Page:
In various embodiments, the FPGA 210 and memory 228 can be adapted to receive a “burst” of image frames at the high acquisition frame rate, employing a portion thereof to perform auto-regulation and transmitting others to the processor at a rate that is appropriate to its processing speed. This high volume of image frames obtained from the “burst” (for example, while the object is in the field of view), can be fed out to the processor 114 before and during the interstitial time up to the point in which the next object arrives at the field of view—in which the next “burst” is acquired, stored and transmitted to the processor 114.
As used herein the terms “process” and/or “processor” should be taken broadly to include a variety of electronic hardware and/or software based functions and components. Moreover, a depicted process or processor can be combined with other processes and/or processors or divided into various sub-processes or processors. Such sub-processes and/or sub-processors can be variously combined according to embodiments herein. Likewise, it is expressly contemplated that any function, process and/or processor here herein can be implemented using electronic hardware, software consisting of a non-transitory computer-readable medium of program instructions, or a combination of hardware and software.
With reference to the main board 115 in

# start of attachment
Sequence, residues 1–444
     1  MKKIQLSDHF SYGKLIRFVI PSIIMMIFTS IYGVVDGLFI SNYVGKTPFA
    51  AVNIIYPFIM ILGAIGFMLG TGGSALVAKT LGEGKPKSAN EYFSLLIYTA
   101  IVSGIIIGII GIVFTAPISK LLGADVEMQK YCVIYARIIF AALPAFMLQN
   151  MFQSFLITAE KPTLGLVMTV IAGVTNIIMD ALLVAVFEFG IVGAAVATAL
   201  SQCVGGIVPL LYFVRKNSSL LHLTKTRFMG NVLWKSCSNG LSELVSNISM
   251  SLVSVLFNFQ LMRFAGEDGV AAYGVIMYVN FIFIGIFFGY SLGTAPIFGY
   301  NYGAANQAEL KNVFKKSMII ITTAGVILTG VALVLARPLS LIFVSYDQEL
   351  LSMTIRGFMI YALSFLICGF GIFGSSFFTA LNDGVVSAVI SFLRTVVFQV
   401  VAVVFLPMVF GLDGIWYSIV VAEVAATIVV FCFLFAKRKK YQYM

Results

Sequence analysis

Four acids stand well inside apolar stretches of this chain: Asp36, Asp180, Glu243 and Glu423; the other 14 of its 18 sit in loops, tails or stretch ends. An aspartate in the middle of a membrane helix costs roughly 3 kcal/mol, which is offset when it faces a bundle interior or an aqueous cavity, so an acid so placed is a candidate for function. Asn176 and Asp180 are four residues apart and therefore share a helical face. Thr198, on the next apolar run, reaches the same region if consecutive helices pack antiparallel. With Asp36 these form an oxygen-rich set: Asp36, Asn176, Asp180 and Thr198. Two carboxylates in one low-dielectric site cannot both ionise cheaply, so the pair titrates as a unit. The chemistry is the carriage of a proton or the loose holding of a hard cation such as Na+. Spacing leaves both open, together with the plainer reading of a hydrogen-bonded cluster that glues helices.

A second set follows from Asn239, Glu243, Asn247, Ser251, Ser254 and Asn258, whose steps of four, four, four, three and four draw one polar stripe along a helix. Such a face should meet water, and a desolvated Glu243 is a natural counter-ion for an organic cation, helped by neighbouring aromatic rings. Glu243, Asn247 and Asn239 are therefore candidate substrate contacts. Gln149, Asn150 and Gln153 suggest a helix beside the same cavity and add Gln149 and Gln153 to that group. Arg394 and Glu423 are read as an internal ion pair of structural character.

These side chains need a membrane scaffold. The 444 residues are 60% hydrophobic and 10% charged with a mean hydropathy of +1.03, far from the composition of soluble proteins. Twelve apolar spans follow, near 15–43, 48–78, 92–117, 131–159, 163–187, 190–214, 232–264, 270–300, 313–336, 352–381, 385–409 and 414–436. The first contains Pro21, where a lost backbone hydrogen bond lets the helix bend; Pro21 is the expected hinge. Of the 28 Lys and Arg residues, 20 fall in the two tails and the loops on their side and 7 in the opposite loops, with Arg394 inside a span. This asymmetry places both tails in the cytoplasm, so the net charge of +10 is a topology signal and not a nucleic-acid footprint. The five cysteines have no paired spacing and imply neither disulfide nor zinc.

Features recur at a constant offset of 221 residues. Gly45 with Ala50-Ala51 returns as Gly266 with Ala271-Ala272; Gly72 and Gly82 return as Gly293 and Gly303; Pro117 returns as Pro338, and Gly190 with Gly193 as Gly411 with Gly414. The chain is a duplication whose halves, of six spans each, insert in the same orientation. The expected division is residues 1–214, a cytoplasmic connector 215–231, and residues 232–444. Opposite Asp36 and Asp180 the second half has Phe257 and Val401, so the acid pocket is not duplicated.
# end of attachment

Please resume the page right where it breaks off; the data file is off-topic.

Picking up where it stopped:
Other conventional circuits used to drive the processor and provide other functions (such as debugging of code) are also provided on the main board 115 and interconnected with the processor 114. These circuits can be configured in accordance with ordinary skill, and can include a core voltage regulator 246 (for example, a model UCD7242 from Texas Instruments), an LVDS clock generator 248 (for example a model CDCE62005 also from Texas Instruments) and a sequencing micro controller 250 (for example a PIC18F45 from Microchip Technology Inc. of Chandler, Ariz.). A JTAG interface 252 (e.g. a 60 pin and 14 pin) is also interconnected between a port on the processor 114 and the sequencing microcontroller 250. Appropriate voltages (e.g. 1.5V, 1.8V, 2.5V and 6.2V) are provided to various circuit components on the main board 115 by a voltage supply 254 that is linked to a regulator 260 (e.g. a 24V to 3.3V regulator) on the I/O board. This receives external power from the source (e.g. a 24V wall transformer) via an appropriate cable 262. The main board 115 and associated processor 114 are interconnected to the I/O board via a processor-mounted UART that interconnects a serial connector 266 on the exterior of the housing configured according to the RS-232 standard. This port can be used to control external functions, such as alerts, conveyor line shutdown and the like. The processor also includes a serial gigabit media independent interface (SGMII) that connects to an Ethernet port on the rear of the housing via a physical layer chip 268 and gigabit Ethernet transformer 270. This allows image data and other control information to be passed to a remote computer system via the network. It also allows for user programming of the system's functions via an interfaced computer and appropriate user interface (e.g. a web-based graphical user interface/browser screen(s)). Wireless Ethernet links, Bluetooth® communication, etc. can also be provided to the camera assembly as an option in various embodiments (not shown).